Friday, November 22, 2019
The Battle of Savannah in the American Revolution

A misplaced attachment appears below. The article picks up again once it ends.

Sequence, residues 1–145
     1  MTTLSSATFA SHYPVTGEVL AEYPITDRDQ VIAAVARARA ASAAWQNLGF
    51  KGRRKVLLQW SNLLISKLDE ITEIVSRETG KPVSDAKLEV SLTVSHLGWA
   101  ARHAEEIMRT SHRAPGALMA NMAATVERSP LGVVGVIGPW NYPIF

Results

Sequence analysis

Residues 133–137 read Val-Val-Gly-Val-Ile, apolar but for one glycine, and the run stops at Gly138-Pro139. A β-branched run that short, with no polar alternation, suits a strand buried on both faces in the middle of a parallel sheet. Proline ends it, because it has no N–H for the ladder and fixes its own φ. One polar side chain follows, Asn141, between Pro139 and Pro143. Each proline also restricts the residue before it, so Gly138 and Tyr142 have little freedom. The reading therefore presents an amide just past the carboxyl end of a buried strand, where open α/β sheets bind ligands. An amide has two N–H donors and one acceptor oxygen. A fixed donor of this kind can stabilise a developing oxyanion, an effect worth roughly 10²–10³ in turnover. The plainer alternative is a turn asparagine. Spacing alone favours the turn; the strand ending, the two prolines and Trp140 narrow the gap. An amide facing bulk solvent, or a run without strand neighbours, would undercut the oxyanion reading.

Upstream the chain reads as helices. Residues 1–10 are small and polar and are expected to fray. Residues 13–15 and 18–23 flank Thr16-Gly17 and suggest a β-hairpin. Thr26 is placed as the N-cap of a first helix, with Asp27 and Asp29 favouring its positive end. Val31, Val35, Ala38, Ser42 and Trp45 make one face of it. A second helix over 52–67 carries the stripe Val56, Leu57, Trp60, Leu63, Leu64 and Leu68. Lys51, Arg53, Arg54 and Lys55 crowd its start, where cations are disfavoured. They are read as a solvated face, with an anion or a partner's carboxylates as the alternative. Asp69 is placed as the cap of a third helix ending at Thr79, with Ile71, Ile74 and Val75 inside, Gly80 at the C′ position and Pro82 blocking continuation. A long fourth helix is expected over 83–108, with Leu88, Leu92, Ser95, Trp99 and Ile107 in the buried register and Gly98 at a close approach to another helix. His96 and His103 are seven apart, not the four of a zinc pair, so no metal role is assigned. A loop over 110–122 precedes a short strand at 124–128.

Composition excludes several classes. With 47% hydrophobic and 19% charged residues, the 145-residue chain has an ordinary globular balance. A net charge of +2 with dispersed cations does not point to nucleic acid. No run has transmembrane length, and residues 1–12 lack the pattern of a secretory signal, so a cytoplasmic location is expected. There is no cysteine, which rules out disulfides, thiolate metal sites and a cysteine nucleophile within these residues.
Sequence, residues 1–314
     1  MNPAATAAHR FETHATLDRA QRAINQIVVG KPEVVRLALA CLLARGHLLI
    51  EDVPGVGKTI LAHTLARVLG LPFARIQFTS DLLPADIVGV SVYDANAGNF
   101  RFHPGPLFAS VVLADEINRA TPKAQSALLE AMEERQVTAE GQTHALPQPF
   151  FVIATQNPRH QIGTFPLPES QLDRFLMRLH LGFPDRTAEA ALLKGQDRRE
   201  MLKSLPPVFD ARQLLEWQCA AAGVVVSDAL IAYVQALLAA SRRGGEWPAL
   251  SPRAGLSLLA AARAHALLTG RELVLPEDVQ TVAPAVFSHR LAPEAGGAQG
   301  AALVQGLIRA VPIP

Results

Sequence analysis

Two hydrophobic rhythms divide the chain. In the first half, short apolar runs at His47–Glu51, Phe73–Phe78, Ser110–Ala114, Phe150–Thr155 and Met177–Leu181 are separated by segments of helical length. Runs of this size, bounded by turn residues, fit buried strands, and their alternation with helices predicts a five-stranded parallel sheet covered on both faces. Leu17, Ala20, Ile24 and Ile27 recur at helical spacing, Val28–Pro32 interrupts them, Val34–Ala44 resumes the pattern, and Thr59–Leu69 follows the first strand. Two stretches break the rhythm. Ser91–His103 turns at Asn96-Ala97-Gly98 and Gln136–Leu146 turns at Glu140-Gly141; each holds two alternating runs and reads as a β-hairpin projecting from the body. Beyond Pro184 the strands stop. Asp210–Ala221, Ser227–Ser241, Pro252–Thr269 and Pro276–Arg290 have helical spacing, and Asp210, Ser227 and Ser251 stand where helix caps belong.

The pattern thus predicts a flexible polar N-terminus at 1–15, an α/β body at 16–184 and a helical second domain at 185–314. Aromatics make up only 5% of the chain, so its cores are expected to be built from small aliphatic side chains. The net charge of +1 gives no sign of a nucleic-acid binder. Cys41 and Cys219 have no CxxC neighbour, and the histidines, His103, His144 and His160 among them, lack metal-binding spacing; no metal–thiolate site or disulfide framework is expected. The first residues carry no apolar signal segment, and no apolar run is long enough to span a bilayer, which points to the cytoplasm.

The Battle of Savannah in the American Revolution The Battle of Savannah was fought September 16 to October 18, 1779, during the American Revolution (1775-1783). In 1778, the British commander in chief in North America, Major General Sir Henry Clinton, began to shift the focus of the conflict to the southern colonies. This change in strategy was driven by a belief that Loyalist support in the region was significantly stronger than in the North and would facilitate its recapture. The campaign would be the second major British effort in the region as Clinton had attempted to capture Charleston, SC in June 1776, but had failed when Admiral Sir Peter Parkers naval forces were repulsed by fire from Colonel William Moultries men at Fort Sullivan. The first move of the new British campaign was the capture of Savannah, GA. To accomplish this,Ã Lieutenant Colonel Archibald Campbell was dispatched south with a force of around 3,100 men.Ã Armies Commanders French American Major General Benjamin LincolnVice Admiral Comte dEstaing42 ships, 5,052 men British Brigadier General Augustine Prevost3,200 men Invading Georgia Reaching Georgia, Campbell was to be joined by a column moving north from St. Augustine led by Brigadier General Augustine Prevost. Landing at Girardeaus Plantation on December 29, Campbell brushed aside American forces. Pushing towards Savannah, he flanked and routed another American force and captured the city. Joined by Prevost in mid-January 1779, the two men began raiding the interior as well as mounted an expedition against Augusta. Establishing outposts in the region, Prevost also sought to recruit local Loyalists to the flag. Allied Movements Through the first half of 1779, Prevost and his American counterpart at Charleston, SC, Major General Benjamin Lincoln, conducted minor campaigns in the territory between the cities. Though eager to regain Savannah, Lincoln understood that the city could not be liberated without naval support. Utilizing their alliance with France, the American leadership was able to persuade Vice Admiral Comte dEstaing to bring a fleet north later that year. Completing a campaign in the Caribbean which saw him capture St. Vincent and Grenada, dEstaing sailed for Savannah with 25 ships of the line and around 4,000 infantry. Receiving word of dEstaings intentions on September 3, Lincoln commenced making plans to march south as part of a joint operation against Savannah. The Allies Arrive In support of the French fleet, Lincoln departed Charleston on September 11 with around 2,000 men. Caught off guard by the appearance of French ships off Tybee Island, Prevost directed Captain James Moncrief to enhance Savannahs fortifications. Utilizing African American slave labor, Moncrief constructed an array of earthworks and redoubts on the outskirts of the city. These were reinforced with guns taken from HMS Fowey (24 guns) and HMS Rose (20). On September 12, dEstaing began landing around 3,500 men at Beaulieus Plantation on the Vernon River. Marching north to Savannah, he contacted Prevost, he demanded that he surrender the city. Playing for time, Prevost requested and was granted a 24-hour truce to consider his situation. During this time, he recalled Colonel John Maitlands troops at Beaufort, SC to reinforce the garrison. The Siege Begins Incorrectly believing that Lincolns approaching column would deal with Maitland, dEstaing made no effort to guard the route from Hilton Head Island to Savannah. As a result, no American or French troops blocked Maitlands route and he reached the city safely before the truce ended. With his arrival, Prevost formally declined to surrender. On September 23, dEstaing and Lincoln began siege operations against Savannah. Landing artillery from the fleet, French forces commenced a bombardment on October 3. This proved largely ineffective as its brunt fell on the city rather than the British fortifications. Though standard siege operations most likely would have ended in victory, dEstaing became impatient as he was concerned about hurricane season and an increase in scurvy and dysentery in the fleet. A Bloody Failure Despite protests from his subordinates, dEstaing approached Lincoln regarding assaulting the British lines. Dependent on the French admirals ships and men for continuing the operation, Lincoln was forced to agree. For the assault, dEstaing planned to have Brigadier General Isaac Huger make a feint against the southeastern part of the British defenses while the bulk of the army struck further west. The focus of the assault was to be the Spring Hill redoubt which he believed to be manned by Loyalist militia. Unfortunately, a deserter informed Prevost of this and the British commander moved veteran forces to the area. Advancing just after dawn on October 9, Hugers men were bogged down and failed to create a meaningful diversion. At Spring Hill, one of the allied columns became mired in a swamp to the west and was forced to turn back. As a result, the assault lacked its intended force. Surging forward, the first wave met heavy British fire and took significant losses. In the course of the fighting, dEstaing was hit twice and American cavalry commander Count Casimir Pulaski was mortally wounded. The second wave of French and American troops had more success and some, including those led by Lieutenant Colonel Francis Marion, reached the top of the wall. In fierce fighting, the British succeeded in driving the attackers back while inflicting heavy casualties. Unable to break through, French and American troops fell back after an hour of fighting. Regrouping, Lincoln later desired to attempt another assault but was overruled by dEstaing. Aftermath Allied losses at the Battle of Savannah numbered 244 killed, 584 wounded, and 120 captured, while Provosts command suffered 40 killed, 63 wounded, and 52 missing. Though Lincoln pressed to continue the siege, dEstaing was unwilling to further risk his fleet. On October 18, the siege was abandoned and dEstaing departed the area. With the French departure, Lincoln retreated back to Charleston with his army. The defeat was a blow to the newly established alliance and greatly encouraged the British in furthering their southern strategy. Sailing south the following spring, Clinton laid siege to Charleston in March. Unable to break out and with no relief expected, Lincoln was compelled to surrender his army and the city that May.